We all know these players are professionals playing for their teams in mostly Europe, and those who are not will be captured almost immediately for other teams. So why is our best leaving for other shores? If we paid our players based on their level of performance or productivity [let’s consider this as a business for now], would they be leaving for the European teams? I used to write a Column for the Toronto Ghanaian News titled “Life is a Business Period!” The ideas was to share with our people the simple laws of nature that human beings perform based on motivations, and if as a society we try to examine life that way, we could succeed. From our leadership in Ghana, my recent research showed that concern for the people of Ghana is the number one element of leadership perception and expectation. About 73% of the people surveyed express high expectations of leadership performance in delivery of water, electricity, telephone and garbage services. However, 70%-90% were dissatisfied or very dissatisfied with the services. If our leaders sincerely cared about our people, would our Doctors and Engineers and top professionals leave their shores? If politicians can write checks to themselves to purchase $75,000 Toyota Landcruiser vehicles, $3,000 for the chrome bumpers for their cars, while they watch 15 or more petroleum engineers resign en masse for dissatisfaction with pay, and hire foreigners to replace them at 4 times the salary, then there are serious questions we need to ask our leaders and our people why we allow these things to happen to us! Is the leadership of Ghana awake? Do they have any consideration for the people they represent? Or they are mere opportunists taking advantage of a weak societal culture to strengthen personal financial family fortunes?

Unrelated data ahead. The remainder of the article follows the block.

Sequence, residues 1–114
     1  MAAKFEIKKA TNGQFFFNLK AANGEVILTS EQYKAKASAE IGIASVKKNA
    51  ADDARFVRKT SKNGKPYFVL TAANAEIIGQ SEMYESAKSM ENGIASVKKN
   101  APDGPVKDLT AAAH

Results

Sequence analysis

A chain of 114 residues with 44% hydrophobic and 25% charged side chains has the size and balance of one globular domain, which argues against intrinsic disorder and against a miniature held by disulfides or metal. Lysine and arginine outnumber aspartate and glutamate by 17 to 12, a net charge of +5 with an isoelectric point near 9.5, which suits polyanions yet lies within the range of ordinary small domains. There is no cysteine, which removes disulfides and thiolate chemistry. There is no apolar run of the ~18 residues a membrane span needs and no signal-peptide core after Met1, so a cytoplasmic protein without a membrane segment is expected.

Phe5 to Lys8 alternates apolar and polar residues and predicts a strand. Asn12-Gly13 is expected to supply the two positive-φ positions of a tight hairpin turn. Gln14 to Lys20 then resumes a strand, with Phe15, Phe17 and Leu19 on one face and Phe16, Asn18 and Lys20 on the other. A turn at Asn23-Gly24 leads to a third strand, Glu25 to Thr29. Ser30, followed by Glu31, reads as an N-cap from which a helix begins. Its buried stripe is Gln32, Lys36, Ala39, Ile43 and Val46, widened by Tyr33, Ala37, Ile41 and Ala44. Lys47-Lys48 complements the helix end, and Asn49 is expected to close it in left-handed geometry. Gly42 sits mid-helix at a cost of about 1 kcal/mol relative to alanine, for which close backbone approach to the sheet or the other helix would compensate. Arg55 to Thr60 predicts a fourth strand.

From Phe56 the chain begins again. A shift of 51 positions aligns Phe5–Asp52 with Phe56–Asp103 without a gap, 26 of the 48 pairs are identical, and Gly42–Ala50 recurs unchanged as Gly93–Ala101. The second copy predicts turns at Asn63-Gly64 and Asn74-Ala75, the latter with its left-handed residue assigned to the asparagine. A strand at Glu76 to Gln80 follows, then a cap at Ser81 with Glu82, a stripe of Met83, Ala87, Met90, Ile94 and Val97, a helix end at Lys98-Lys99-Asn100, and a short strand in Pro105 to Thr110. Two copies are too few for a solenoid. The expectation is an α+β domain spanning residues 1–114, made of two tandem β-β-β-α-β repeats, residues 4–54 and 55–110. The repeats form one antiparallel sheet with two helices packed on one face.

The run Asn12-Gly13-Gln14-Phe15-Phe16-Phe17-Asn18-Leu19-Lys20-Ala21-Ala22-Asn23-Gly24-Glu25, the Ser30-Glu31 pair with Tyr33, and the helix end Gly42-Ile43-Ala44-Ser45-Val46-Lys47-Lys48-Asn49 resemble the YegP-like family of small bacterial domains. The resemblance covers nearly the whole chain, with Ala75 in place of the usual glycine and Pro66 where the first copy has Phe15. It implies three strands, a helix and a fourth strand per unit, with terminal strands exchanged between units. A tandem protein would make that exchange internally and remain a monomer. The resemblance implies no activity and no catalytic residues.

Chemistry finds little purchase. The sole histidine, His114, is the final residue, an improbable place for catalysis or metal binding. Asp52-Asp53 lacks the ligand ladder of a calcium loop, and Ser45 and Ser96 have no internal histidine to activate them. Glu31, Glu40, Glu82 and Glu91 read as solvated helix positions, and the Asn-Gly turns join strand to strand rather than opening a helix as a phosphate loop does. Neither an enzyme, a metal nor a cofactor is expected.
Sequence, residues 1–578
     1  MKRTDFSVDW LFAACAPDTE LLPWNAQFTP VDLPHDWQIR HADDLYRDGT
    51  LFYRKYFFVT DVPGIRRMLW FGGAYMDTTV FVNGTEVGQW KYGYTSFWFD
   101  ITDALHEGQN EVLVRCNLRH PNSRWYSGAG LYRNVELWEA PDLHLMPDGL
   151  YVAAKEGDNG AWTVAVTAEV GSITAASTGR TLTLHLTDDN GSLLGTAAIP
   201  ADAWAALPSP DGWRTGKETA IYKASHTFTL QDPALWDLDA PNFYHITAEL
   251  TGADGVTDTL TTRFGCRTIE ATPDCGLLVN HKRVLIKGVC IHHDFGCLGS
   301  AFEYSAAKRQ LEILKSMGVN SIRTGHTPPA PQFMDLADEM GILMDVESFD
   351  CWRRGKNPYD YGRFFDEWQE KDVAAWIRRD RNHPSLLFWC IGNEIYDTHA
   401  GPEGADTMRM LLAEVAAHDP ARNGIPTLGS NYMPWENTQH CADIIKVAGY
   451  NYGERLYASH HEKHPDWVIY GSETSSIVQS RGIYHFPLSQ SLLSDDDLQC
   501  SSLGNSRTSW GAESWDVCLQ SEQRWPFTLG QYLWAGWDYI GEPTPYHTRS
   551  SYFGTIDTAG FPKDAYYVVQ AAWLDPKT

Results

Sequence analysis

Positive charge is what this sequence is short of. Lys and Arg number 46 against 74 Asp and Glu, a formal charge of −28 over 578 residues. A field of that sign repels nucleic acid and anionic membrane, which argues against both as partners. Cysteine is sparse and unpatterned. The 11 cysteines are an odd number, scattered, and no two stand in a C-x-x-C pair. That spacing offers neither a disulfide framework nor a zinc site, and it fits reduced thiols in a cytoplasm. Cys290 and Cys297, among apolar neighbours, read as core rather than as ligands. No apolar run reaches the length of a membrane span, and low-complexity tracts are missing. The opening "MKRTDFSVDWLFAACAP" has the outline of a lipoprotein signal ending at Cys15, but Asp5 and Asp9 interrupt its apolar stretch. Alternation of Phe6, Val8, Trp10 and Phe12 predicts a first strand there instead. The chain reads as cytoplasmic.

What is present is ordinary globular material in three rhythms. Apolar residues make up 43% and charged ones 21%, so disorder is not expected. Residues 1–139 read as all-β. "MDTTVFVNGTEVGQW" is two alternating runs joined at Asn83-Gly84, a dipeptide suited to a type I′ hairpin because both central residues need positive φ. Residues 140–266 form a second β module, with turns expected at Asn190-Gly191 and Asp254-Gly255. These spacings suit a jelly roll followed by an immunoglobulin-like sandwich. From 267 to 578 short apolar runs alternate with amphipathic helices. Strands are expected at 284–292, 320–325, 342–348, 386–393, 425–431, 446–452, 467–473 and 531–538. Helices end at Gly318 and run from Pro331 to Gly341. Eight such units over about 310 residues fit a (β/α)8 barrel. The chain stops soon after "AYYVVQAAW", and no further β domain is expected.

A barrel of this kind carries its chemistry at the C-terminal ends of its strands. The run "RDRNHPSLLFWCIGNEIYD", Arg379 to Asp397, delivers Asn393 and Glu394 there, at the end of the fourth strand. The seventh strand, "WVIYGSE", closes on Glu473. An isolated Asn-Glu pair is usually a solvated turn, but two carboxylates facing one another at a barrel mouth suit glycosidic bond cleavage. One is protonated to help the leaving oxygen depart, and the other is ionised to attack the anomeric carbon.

The academic literature on leadership seem to indicate that for any nation to succeed they must have some leaders who are characterized as transformational leaders, a term coined by J.V. Downton in 1973. Academicians on leadership, such as James MacGregor Burns (1978), Conger (1999), Hunt and Conger (1999), as well as Bass & Avolio (1993, 1994) and Bass & Steidlmeier (1999) have described these leaders as almost inseparable from their followers in terms of meeting their needs, and also of having high ethical and moral standards. These leaders inspire and motivate their followers, they provide intellectual stimulation, and influence them to higher ideals and achievement. The most important of them is the personal consideration for the welfare of the people. In my upcoming book titled “Leadership Concepts and the Role of Government in Africa -
The case of Ghana”, I take permission to cite a section of a chapter on Leadership and performance strategies.